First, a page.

Editor's Note: The opinions expressed in this commentary are solely those of the author.
Last week, I was aimlessly scrolling through my phone with my friend across the room when she pointed something out to me that I’d only ever thought about internally.
Without peeling her eyes from her phone screen she asked, “Why is Caleb* the only non-white guy in his frat?”
I looked up at her with a slight frown and went to go look for myself.
She had a point: Caleb was the only non-white guy in his fraternity and, though his inclusion was something that should be celebrated, it also made me think about the lack of diversity in not only fraternities but also sororities.
Attending college is a way for young adults to discover themselves by exploring their interests, building their skills and making new, life-long friends. A way that many aim to do this is by joining clubs, sports and other organizations like fraternities and sororities.
These organizations should be a welcoming place where students of any background, religion, sexuality, ethnicity or race can thrive and feel accepted. More often than not, they are.
However, unlike clubs where one is able to join based on similar interests, or sports where one’s admission is based on their skill and merit, a person’s admittance into Greek Life is left entirely up to the opinion of those who are already members.
Looking closer at sororities and fraternities across the country, it’s no secret a lot of them are homogeneous, consisting of predominantly white individuals.
This makes some wonder if there is a sort of subconscious bias for these members to pick potential new members who mirror their own appearance.
Lawrence Ross, author of “Blackballed: The Black and White Politics of Race on America’s Campuses", gives a possible reason as to why this is so.
According to Ross, “Greek organizations resisted class and race diversity. Frats were a way for white upper-class men to separate themselves from an increasingly diverse student population.”
Now, in 2019, we are still seeing little diversity being integrated into sororities and fraternities.
Seven years ago, Crystal Stallworth attended sorority rush at the University of Alabama.
According to Marie Claire, Stallworth, who is biracial and mixed with black, was an over-qualified candidate. However, when the time came for Stallworth to find her home away from home, she was only asked to return to one of the sorority houses.
Other girls who had a similar work ethic to Stallworth’s, but were white, were in high demand.
As the school year went on, Stallworth realized the reason she was dismissed by so many of the sororities was due to her race.
”That was the point I realized, whoa, people still do see race here,” she said in her interview.
Of course there are nation-wide sororities and fraternities that are, in fact, the opposite. Greek life organizations like Alpha Kappa Alpha Sorority Inc. and Alpha Phi Alpha Fraternity Inc., predominantly black organizations, were founded in 1908 and 1906 respectively due to this lack of inclusion.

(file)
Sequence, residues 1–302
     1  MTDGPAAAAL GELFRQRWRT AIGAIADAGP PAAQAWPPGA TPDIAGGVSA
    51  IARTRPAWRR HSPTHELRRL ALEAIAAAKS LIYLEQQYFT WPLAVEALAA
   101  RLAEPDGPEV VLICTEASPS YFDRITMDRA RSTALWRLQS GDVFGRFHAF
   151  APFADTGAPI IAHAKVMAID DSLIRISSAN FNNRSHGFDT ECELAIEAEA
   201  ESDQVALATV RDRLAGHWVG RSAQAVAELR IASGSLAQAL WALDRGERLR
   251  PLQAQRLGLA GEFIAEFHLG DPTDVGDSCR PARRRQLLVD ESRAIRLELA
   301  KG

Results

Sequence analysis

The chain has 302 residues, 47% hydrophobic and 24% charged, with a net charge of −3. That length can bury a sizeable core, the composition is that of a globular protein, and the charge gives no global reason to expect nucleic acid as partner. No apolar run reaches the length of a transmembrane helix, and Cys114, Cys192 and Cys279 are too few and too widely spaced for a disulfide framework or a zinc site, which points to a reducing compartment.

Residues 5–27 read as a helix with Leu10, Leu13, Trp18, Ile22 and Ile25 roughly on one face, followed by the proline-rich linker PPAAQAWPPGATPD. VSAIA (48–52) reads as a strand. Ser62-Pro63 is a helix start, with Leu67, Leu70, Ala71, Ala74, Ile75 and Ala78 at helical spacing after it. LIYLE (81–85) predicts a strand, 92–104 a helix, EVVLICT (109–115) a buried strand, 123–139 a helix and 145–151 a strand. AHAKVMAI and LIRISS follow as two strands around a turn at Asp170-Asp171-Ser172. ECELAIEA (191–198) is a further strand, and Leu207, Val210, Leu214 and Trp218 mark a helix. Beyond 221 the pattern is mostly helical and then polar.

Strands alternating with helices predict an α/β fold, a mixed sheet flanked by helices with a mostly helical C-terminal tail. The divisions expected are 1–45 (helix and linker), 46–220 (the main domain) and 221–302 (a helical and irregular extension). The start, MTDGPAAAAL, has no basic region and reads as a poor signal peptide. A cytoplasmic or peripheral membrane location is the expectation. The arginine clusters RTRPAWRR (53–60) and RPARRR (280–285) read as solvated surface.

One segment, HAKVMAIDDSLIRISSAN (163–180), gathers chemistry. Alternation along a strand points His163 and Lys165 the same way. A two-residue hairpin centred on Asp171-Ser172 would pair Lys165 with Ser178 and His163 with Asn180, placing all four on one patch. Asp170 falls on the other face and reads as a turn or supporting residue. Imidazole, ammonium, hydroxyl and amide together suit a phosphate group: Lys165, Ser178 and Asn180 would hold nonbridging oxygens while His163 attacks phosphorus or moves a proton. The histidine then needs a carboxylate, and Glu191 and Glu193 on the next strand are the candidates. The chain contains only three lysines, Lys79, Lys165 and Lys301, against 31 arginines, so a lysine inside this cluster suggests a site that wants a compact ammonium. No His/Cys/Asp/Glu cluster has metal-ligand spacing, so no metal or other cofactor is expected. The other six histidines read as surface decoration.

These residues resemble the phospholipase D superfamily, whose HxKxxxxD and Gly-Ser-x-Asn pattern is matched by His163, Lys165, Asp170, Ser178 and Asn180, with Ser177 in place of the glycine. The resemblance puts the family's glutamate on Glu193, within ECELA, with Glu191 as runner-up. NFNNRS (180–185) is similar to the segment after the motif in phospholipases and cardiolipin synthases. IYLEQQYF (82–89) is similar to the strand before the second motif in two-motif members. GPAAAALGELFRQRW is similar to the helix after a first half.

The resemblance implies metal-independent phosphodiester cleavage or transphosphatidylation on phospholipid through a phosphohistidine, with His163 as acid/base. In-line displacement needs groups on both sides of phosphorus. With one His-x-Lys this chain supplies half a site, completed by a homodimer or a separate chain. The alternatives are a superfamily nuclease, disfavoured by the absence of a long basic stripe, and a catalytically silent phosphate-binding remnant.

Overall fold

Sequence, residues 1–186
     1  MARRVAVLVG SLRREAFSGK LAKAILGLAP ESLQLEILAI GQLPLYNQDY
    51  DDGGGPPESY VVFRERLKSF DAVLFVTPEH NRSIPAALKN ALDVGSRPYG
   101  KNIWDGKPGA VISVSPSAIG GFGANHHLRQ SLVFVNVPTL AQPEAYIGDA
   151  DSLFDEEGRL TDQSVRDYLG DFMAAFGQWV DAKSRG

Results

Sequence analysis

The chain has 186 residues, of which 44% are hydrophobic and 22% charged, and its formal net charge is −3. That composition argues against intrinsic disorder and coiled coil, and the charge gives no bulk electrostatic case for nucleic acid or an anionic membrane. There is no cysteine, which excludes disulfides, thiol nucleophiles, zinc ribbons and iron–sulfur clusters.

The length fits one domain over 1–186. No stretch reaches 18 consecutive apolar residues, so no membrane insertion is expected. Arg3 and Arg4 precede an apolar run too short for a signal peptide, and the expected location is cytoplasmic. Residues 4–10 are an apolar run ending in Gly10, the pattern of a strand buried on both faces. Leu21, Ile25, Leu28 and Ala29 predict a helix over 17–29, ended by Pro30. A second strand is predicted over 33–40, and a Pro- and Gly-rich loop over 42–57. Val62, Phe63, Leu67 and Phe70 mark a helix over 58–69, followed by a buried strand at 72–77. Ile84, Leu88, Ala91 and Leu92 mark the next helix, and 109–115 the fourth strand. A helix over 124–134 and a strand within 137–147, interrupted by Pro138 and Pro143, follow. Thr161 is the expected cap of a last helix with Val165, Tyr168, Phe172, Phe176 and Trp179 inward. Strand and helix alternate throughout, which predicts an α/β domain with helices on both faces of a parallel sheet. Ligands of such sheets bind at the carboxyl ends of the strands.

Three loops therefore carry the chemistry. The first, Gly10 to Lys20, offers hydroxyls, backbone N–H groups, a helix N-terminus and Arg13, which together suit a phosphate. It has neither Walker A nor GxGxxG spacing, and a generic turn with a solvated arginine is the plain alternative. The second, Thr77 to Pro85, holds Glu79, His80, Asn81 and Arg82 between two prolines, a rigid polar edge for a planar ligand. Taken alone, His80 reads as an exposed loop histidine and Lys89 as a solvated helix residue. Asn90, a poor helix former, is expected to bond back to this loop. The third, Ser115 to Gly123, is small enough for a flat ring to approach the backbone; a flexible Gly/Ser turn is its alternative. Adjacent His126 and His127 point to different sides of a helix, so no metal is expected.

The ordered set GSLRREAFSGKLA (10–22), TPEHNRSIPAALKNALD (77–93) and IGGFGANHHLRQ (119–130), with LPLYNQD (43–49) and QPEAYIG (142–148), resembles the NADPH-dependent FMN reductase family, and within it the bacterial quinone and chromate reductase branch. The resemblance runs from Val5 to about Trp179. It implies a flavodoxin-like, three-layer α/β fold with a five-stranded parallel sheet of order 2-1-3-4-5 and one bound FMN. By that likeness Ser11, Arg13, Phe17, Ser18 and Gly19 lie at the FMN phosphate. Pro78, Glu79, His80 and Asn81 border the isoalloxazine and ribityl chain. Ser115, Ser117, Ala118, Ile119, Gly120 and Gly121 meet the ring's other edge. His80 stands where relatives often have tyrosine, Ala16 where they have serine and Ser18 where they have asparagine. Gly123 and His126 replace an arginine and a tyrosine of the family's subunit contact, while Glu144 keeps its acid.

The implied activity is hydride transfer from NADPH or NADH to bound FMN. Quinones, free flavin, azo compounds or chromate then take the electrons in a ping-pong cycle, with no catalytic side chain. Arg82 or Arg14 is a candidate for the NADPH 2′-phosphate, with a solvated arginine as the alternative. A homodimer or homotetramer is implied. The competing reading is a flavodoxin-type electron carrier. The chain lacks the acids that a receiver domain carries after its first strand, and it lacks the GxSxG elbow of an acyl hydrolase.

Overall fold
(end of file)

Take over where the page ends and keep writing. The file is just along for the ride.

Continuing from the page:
Even with minority sororities and fraternities present on campus, it is still possible for these members to face exclusion or discrimination from other predominantly white Greek Life organizations.
A member of Longwood's Alpha Kappa Alpha Sorority Inc. Haleigh Pannell still faces discrimination for being a part of an all-black sorority.
”I often hear that AKA isn't a 'normal' sorority and that hurts my feelings immensely. It (makes) me feel like the sorority I am honored to be a part of, isn't considered on the same level as others.” said Pannell.
However, despite facing this negativity, Pannell is still proud to be a member of AKA, stating that if she had been a member of a predominantly white sorority, she would struggle more with self-acceptance and "things like (her) natural hair."
Though, students like Pannell are able to find a home in Greek life where they can thrive, what we must keep in mind is this problem is more than just a black and white issue.
What about Asian-Americans or Latinx individuals who would also like to fit into a sorority or fraternity, but are dismissed based on differing looks?
At Longwood University there were 5,074 enrolled students, according to a 2017-2018 study from College Tuition Compare. Of those students, 3,764 were white, 522 were Black, 253 were Hispanic, 65 were Asian and seven were Native Hawaiian or Pacific Islander.
This means that roughly 847 students have the potential to join a sorority or fraternity but may also face discrimination because they do not have a similar likeness to those already involved.
This is not to say every sorority and fraternity discriminate and not every sorority and fraternity is completely homogeneous. In fact, there are some very inclusive Greek Life organizations that aim to make everyone feel welcomed.
However, what more sororities and fraternities need to start doing is being more aware of their implicit bias and working to integrate more people of color and people of different backgrounds into their organizations.
Pannell says she thinks a form of blind application would be helpful in implementing more diversity into sororities and fraternities.
"Just looking (to see) if that person meets the requirements of a sorority should be what the organization should uphold," said Pannell.
Not only would this benefit sororities and fraternities by getting to know someone who they’d otherwise not talk to, but it also gives every Greek Life organization across the nation the boost they need to start being more inclusive.
(*Name has been changed for the sake of privacy and publication.)